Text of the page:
We have also investigated the potential roles of several signaling pathways, which could mediate apoptosis in the NPC cells upon treatment by bortezomib/SAHA. Bortezomib was found to potentiate SAHAs acetylation of histones H3 and H4 in the NPC cells. Furthermore, the histone acetylation was ROS- and caspase-8-dependent as both NAC- and caspase-8-specific inhibitor, Z-IETD-FMK, could markedly reduce the acetylation of the histones. The results were similar to the induction of caspase-8-dependent histone acetylation by combination of HDAC and proteasome inhibitors in leukemic cells (21). One of the major effects mediated by histone hyperacetylation is upregulation of tumor suppressor genes (9). However, we did not find any upregulation of retinoblastoma (Rb) or p53 in the bortezomib/SAHA-treated NPC cells (refer to Supplementary Fig. S2A). The p53 expression was repressed by the combination treatment in HA cells, whereas such repression was not found in C666-1 cells. Because enhanced apoptosis ...
Figure 3. Genetically encoded N-epsilon lysine acetylation allows the high resolution X-ray structures of acetylated proteins and their complexes to be solved. The high resolution structure of acetyl lysine from acetylated cyclophilin (left) showing the experimental density. Right, Acetylated cyclophilin in complex with cyclosporine. Water molecules (blue spheres) that are ordered at the protein small molecule interface in the unacetylated complex) rearrange in the acetylated complex.. The acetylation of a cyclophilin at Lys125 was identified in a proteomics screen. We subsequently demonstrated that a substantial proportion of CYPA is acetylated in HeLa cells and human T cell lines, suggesting that the acetylated form of the protein is biologically relevant. To test this, recombinant CYPA bearing homogenous acetylation at Lys125 was prepared by overexpression in E. coli using an acetyllysyl-tRNA synthetase-tRNACUA pair, allowing detailed biophysical and enzymatic characterization of acetylated ...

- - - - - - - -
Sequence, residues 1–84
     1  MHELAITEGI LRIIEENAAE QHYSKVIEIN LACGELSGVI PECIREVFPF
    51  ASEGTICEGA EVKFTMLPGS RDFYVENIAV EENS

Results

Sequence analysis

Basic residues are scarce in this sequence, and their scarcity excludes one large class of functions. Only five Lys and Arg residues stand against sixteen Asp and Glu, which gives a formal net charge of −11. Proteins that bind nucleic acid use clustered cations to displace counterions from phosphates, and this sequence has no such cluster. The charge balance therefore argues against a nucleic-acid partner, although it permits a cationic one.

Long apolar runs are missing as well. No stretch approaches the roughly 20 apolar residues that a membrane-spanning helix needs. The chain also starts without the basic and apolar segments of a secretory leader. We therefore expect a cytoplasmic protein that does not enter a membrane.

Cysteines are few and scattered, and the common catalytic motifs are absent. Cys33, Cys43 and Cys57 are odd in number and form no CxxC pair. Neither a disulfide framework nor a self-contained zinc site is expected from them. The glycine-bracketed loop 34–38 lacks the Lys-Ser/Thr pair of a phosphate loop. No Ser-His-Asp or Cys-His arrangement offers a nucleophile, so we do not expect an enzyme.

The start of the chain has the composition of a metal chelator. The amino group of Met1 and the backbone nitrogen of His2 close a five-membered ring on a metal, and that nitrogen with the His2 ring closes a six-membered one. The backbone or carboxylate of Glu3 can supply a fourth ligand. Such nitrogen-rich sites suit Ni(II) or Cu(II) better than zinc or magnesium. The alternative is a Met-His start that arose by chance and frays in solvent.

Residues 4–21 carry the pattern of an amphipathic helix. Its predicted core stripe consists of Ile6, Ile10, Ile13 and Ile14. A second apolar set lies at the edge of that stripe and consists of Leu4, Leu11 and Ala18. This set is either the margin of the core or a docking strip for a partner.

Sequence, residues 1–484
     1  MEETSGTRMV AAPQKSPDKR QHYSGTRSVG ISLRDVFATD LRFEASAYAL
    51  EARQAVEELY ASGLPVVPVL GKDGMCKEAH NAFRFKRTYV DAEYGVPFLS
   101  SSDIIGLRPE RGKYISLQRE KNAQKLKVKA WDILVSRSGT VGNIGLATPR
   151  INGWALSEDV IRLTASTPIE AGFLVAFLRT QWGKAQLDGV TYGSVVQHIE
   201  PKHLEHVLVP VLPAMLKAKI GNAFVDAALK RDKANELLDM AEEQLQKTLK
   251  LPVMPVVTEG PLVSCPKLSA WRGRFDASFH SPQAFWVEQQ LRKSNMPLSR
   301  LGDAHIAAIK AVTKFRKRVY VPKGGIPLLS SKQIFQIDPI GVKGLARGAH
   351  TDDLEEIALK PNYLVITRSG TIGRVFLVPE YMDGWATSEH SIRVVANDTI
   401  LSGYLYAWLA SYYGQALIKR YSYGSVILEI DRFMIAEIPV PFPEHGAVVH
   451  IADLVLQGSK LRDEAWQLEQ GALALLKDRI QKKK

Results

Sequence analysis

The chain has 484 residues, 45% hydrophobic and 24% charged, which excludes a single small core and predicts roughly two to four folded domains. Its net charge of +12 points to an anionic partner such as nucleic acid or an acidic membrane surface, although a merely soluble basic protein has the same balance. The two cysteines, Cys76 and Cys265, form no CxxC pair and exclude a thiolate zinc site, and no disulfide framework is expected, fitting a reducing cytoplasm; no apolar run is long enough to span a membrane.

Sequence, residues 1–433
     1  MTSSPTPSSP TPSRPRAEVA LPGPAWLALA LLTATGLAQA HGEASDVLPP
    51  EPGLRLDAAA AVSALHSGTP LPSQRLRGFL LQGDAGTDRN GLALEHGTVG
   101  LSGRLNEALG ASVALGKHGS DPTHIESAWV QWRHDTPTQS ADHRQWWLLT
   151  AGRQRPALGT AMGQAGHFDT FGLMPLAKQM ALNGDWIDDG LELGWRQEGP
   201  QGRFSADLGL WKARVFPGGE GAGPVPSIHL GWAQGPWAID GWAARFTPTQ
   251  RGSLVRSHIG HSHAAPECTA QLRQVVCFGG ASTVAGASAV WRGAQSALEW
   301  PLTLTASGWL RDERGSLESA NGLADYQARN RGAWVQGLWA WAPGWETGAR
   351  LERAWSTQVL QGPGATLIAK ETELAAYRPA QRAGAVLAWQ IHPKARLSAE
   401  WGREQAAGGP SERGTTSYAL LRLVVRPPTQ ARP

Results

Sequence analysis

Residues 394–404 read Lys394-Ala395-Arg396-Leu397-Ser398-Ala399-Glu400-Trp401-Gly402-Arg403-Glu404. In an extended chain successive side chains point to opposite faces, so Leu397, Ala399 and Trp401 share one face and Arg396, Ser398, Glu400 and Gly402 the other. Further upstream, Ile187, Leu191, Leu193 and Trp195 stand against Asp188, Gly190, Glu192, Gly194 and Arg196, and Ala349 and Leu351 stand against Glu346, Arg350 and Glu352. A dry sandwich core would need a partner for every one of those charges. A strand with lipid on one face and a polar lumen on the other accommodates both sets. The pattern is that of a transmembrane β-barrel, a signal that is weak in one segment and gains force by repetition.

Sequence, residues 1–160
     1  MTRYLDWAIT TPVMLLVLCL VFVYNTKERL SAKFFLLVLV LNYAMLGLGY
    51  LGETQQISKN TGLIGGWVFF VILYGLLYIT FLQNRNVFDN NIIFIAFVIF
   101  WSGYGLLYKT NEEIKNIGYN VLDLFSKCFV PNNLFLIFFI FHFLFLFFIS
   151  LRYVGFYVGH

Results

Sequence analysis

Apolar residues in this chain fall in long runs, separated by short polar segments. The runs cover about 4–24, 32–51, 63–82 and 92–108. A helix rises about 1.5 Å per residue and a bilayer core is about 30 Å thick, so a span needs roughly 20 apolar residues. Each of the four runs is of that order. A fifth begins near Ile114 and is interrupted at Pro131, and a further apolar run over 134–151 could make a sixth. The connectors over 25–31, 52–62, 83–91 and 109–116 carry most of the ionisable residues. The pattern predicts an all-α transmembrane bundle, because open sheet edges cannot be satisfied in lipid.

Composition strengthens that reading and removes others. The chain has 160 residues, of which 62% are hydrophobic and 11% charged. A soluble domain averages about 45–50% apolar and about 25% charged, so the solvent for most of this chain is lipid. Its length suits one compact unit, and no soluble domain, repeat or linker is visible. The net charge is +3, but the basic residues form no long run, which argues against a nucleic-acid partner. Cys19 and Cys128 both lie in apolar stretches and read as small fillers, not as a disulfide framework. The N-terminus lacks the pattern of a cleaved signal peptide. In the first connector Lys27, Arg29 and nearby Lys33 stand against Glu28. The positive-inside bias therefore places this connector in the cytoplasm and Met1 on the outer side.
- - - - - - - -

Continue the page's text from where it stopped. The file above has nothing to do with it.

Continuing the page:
p53 is the most well-characterized tumor suppressor, and its tumor-suppressive functions are dysregulated in more than 50% of human tumor tissues (29). The MDM2 oncogene is frequently amplified in many tumor tissues to functionally inactivate p53 (5), suggesting that inhibition of MDM2 activity might provide a robust method for cancer prevention. Previous studies have demonstrated that p300 cooperates with MDM2 and triggers p53 polyubiquitination as a ubiquitin E4 ligase (11, 30). Here, we propose a novel regulatory mechanism for p300 via acetylation-dependent control of the oncogenic function of MDM2. Specifically, p300 directly acetylates MDM2, a process that channels that E3 ligase activity away from MDM2 autoubiquitination to concentrate on promoting p53 ubiquitination, in part because of acetylation-induced alteration of intramolecular interaction of MDM2. Thus, p300 may regulate p53 ubiquitination through multiple regulatory mechanisms.. Furthermore, we identified that acetylation of MDM2 ...